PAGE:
By default, all internal cluster network will have a metric value starting at 1000 and incrementing by 100. The first internal network which the cluster sees when it first comes online has a metric of 1000, the second has a metric of 1100, etc. We assume that a network is ‘internal’ if it does not have access to a default gateway. The initial list of internal networks is determined by the order which the network adapters were seen by the cluster when it was created.
By default all external cluster network will have a metric value starting at 10000 and incrementing by 100. The first external network which the cluster sees when it first comes online has a metric of 10000, the seconds has a metric of 10100, etc. We assume that a network is ‘external’ if it has access to a default gateway. The initial list of external networks is determined by the order which the network adapters were seen by the cluster when it was created.
The cluster will then use the order of the metrics as the order of networks. The lowest network will be used for “Cluster & CSV Traffic”. The second lowest network will be used for “Live Migration Traffic”. Additional networks with a metric below 10000 will be used as backup networks if the “Cluster & CSV Traffic” or “Live Migration Traffic” networks fail. The lowest network with a value of at least 10000 will be used for “Public Traffic”, and any additional networks with a metric above 10000 will be used as backup networks for “Public Traffic”. Give the highest possible values to any networks which you do not want any cluster or public traffic to go through, such as for “Storage Traffic”, so that they are never used, or only used when no other networks at all are available, depending on your settings.
So let’s say you get the following output from running
PS > Get-ClusterNetwork | ft Name, Metric, AutoMetric Name Metric AutoMetric ---- ------ ---------- Cluster Network 1 1000 True Cluster Network 2 1100 True Cluster Network 3 1200 True Cluster Network 4 10000 True Cluster Network 5 10100 True
In this scenario, these networks would carry the following types of traffic:
- Cluster Network 1 (1000) – Cluster & CSV Traffic
- Cluster Network 2 (1100) – Live Migration Traffic
- Cluster Network 3 (1200) – Backup network for Cluster & CSV Traffic and Live Migration Traffic
- Cluster Network 4 (10000) – Public Traffic
- Cluster Network 5 (10100) – Backup network for Public Traffic
Configuring Network Prioritization
It is possible to customize NP if the cluster does not automatically assign networks to use the traffic pattern that you want, which will change the ranked order, and hence the function. For example, you may want Cluster Network 3 to be used for “Live Migration Traffic” as it is the fastest, so you would change its Metric to a value between 1000 and 1100, such as 1050, so that it is ranked second on the list. Once Cluster Network 3 has the second-lowest metric it will be used for Live Migration Traffic.
To change the value of a network metric, run:
PS > $n = Get-ClusterNetwork “Cluster Network 3” PS > $n.Metric = 1050
This will change the metric of Cluster Network 3 to 1050.
Now you get the following output from running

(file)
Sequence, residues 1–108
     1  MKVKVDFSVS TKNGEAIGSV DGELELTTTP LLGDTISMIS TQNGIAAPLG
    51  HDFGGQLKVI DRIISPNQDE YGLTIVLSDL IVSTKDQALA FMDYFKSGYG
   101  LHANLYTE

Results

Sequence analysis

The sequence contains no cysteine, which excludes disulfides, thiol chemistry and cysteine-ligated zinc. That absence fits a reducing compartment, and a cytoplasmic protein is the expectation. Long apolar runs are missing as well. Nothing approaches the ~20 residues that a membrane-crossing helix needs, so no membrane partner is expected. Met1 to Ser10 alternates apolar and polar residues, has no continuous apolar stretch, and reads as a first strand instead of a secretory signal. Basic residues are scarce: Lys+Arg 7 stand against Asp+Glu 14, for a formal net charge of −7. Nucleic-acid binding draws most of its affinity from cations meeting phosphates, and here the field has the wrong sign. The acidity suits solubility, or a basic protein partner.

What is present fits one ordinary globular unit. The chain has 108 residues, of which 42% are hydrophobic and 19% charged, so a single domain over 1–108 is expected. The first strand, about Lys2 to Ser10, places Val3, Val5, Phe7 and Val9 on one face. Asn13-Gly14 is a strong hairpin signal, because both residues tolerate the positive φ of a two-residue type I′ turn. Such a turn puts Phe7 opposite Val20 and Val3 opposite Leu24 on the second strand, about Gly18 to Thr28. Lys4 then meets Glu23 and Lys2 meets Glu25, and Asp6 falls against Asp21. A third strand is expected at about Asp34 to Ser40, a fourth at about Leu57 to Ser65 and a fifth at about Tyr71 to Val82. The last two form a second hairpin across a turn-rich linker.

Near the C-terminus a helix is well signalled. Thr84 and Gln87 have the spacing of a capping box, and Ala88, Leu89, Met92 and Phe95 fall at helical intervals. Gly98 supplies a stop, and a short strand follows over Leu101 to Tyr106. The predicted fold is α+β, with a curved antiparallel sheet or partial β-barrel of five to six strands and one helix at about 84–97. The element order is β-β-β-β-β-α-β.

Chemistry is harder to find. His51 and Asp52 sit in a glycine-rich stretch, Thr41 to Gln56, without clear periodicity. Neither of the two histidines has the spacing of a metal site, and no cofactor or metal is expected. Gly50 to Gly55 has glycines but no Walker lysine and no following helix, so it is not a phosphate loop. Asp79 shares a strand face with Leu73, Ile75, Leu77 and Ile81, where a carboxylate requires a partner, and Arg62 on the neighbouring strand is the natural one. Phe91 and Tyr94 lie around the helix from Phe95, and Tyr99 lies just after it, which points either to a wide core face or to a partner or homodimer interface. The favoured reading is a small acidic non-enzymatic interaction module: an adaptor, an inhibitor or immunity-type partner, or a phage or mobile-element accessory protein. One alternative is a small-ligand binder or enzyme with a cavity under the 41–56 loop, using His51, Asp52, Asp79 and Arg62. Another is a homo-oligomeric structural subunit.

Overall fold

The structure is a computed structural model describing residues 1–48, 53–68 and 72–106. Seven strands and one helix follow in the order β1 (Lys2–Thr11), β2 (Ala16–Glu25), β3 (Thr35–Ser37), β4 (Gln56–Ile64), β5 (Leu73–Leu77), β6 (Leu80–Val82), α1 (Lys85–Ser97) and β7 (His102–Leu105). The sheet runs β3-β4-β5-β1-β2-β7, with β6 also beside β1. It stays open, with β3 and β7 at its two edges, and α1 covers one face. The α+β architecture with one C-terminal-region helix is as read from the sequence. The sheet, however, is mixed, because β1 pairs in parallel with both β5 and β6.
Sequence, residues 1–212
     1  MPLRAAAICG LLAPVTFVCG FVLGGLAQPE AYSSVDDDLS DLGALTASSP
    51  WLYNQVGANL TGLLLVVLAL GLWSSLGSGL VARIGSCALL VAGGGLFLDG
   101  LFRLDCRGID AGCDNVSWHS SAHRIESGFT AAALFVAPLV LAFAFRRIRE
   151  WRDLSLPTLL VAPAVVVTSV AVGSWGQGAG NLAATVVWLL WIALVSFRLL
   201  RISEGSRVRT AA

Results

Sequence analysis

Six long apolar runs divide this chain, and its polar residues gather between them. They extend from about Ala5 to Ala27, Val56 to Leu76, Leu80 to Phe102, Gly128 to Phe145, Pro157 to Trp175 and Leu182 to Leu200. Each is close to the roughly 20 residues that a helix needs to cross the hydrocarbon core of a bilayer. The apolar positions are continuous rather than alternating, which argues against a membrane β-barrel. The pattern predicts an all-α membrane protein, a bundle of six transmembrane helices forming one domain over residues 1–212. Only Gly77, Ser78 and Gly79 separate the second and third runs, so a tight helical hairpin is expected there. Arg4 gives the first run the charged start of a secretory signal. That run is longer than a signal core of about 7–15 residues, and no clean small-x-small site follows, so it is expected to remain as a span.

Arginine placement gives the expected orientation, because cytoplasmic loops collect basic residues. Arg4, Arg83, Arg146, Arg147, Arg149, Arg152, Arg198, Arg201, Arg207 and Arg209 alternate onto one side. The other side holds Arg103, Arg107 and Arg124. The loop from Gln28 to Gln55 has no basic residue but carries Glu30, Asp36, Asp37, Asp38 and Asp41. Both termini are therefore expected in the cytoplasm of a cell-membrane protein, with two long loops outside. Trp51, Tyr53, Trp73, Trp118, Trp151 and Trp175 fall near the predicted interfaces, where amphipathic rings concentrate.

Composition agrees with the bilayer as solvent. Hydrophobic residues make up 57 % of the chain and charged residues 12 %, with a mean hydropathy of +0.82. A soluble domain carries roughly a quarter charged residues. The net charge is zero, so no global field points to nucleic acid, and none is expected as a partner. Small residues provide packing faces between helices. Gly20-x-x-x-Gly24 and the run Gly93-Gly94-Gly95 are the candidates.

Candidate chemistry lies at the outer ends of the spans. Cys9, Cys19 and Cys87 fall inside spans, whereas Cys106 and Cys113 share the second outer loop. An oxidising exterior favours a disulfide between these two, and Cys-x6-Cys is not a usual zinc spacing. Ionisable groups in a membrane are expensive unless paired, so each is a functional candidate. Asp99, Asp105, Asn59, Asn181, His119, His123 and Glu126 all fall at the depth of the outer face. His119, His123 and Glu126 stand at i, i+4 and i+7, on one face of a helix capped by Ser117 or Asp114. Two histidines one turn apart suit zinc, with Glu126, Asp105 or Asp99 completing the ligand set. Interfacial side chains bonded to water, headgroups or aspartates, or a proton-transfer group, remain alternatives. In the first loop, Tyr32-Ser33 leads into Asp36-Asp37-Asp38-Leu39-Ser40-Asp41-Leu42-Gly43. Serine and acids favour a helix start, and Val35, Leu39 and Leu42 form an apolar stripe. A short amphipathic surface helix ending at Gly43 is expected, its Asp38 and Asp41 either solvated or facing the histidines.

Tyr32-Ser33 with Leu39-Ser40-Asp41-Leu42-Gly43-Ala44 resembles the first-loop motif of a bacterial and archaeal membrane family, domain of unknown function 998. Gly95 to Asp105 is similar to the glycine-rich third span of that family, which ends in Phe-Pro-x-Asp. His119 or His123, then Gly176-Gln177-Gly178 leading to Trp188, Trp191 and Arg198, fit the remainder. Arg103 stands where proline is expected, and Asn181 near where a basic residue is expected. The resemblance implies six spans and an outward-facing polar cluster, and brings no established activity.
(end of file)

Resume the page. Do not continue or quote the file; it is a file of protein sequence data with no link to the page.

PS > Get-ClusterNetwork | ft Name, Metric, AutoMetric Name Metric AutoMetric ---- ------ ---------- Cluster Network 1 1000 True Cluster Network 3 1050 False Cluster Network 2 1100 True Cluster Network 4 10000 True Cluster Network 5 10100 True
You may have noticed that is a property associated with each network called AutoMetric. This indicates whether the Metric was set using the default values (True) or if it had been later adjusted by an admin (False). This gives insight into whether NP has been configured on the cluster. Using this flag, it is actually possible to change the value of a network back to its original and automatically assigned value, by running the cmdlet:
PS > $n = Get-ClusterNetwork “Cluster Network 3” PS > $n.AutoMetric = $true
Overriding Network Prioritization Behavior
There are two ways to override the default behavior of NP. The first is by changing the network’s properties by right-clicking on the network in Failover Cluster Manager, selecting Properties, and changing the radio buttons or checkboxes. For example, if you select “Do not allow cluster network communication on this network”, then it will not be possible to send any “Cluster & CSV Traffic” or “Live Migration Traffic” through this network, even if the network has the lowest metric values. The cluster will honor this override and find the network with the next lowest value to send this type of traffic.
The second override is exclusively for “Live Migration Traffic”. The networks for live migration can be configured more granularly by right-clicking on any Virtual Machine resource, selecting Properties and clicking the Network for live migration tab. Here you have the ability to specify which networks can and cannot be used for “Live Migration Traffic” and in which order they should be used. Even though it appears that this setting may be unique to that specific VM, it is actually a global setting for live migration. This means that it will override the “Live Migration Traffic” network configured through NP and all VMs will perform a live migration through the network(s) specified here. If this setting is change multiple locations, the last change will be honored.
With this information we hope you are better able to understand how to deploy, configure and use your cluster networks to get the optimal performance and function from each.
Private Cloud Technologies